Published studies elsewhere showed that globally, bronchiectasis among COPD patients can range between 4 per cent and 69 per cent. According to data from Singapore's Ministry of Health website, COPD ranked 10th among principal causes of death in 2017.
Allergies differ across regions
Although allergy is well studied in respiratory diseases such as asthma, the link to bronchiectasis has been confined to patients in single locations and in smaller cohort sizes. In addition, while the genetic make-up of bacteria or viruses is well-known, few have looked at the DNA sequencing of the fungal community in bronchiectasis patients, which was performed for the first time by the same group of authors from Singapore and published in the European Respiratory Journal in July 2018.
The NTU-led study compared over 100 patients each from two regions. Bronchiectasis patients in Singapore and Malaysia showed greater sensitivity to the house dust mite and major allergens of the species Aspergillus fumigatus, while patients from Scotland showed greater sensitivity to the minor allergens of Aspergillus fumigatus. A major allergen refers to a specific protein of the fungus where a detected allergy is more common, and a minor allergen is one where the allergy it causes is less common.
Asst Prof Chotirmall said, "It is clear that we need to understand our local diseases better, as our research findings clearly illustrate that Asian patients with bronchiectasis are different to those seen in other countries. By understanding such differences, we can tailor our treatment appropriately."
Associate Professor John Arputhan Abisheganaden, Head of Department, Respiratory and Critical Care Medicine, Tan Tock Seng Hospital, Singapore, a co-author of both studies, said, "These findings may change the way we treat patients with bronchiectasis. In Tan Tock Seng Hospital, we manage about 30 existing and new cases each week in our clinics. The high prevalence of allergen sensitisation found will help us focus on environmental factors and therapeutic interventions in the appropriate patients. This will also allow us better categorisation of our patients."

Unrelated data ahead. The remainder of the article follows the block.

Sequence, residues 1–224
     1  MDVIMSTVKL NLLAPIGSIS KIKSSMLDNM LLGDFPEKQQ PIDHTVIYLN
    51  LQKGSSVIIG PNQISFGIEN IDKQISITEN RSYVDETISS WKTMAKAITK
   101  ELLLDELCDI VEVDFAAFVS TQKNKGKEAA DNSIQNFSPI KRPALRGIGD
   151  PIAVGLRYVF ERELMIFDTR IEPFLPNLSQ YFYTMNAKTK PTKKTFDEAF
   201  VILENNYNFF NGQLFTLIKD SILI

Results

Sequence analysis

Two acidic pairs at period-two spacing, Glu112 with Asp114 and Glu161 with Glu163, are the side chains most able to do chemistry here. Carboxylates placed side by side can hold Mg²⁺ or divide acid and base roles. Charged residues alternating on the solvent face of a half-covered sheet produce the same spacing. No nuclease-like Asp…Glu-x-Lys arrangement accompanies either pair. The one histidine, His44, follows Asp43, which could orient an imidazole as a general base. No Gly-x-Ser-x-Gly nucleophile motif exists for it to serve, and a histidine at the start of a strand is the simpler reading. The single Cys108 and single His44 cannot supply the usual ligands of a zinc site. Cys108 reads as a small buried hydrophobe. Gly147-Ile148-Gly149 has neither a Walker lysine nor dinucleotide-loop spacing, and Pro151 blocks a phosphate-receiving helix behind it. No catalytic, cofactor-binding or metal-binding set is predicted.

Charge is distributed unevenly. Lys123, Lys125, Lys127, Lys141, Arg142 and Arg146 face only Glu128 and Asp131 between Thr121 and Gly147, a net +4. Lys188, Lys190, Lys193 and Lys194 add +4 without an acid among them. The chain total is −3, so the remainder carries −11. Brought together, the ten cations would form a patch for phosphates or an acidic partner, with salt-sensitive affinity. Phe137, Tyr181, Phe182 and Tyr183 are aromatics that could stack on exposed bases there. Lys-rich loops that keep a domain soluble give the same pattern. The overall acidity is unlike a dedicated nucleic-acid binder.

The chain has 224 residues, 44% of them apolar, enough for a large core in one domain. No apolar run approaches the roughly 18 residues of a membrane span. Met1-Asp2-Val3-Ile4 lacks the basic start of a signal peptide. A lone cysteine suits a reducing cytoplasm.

An example of intervention, if patients are found to be allergic to the house dust mite, would be to reduce house dust mite in their home, through measures such as using allergen-proof bed covers, or regular vacuuming.
Assistant Professor Pamela McShane, who specialises in bronchiectasis research at the University of Chicago and who is not part of either study, said, "Dr. Chotirmall's research presents a novel approach to elucidating bronchiectasis pathophysiology. The data adds additional dimensions to the traditionally accepted paradigm of acquisition of the disease by revealing allergic mechanisms as a pathway by which patients develop bronchiectasis. Furthermore, it has the potential to provide a basis for new therapies that may be effective in bronchiectasis management."
The research, spanning over 30 months, was funded by a Transition Award from Singapore Ministry of Health's National Medical Research Council, which Asst Prof Chotirmall received in 2016.
The research is also part of The Academic Respiratory Initiative for Pulmonary Health (TARIPH), a research initiative by LKCMedicine with local and international partners that aims to improve the lung health of Singaporeans.
The Singapore team members will next look at understanding further differences in Singaporean patients and the environmental factors that affect bronchiectasis.